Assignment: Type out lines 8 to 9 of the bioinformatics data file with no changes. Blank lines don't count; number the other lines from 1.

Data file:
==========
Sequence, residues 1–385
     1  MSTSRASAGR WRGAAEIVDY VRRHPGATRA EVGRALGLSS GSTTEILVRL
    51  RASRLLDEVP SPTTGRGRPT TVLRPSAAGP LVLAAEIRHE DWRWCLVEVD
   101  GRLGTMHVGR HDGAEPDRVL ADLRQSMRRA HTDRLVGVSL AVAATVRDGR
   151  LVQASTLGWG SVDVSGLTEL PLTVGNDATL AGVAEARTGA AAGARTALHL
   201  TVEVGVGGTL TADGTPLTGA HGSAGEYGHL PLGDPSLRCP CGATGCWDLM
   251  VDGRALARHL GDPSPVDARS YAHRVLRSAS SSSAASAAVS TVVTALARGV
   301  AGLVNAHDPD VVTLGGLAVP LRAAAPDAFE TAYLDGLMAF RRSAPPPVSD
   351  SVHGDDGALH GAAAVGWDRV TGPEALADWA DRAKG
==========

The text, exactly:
   301  AGLVNAHDPD VVTLGGLAVP LRAAAPDAFE TAYLDGLMAF RRSAPPPVSD
   351  SVHGDDGALH GAAAVGWDRV TGPEALADWA DRAKG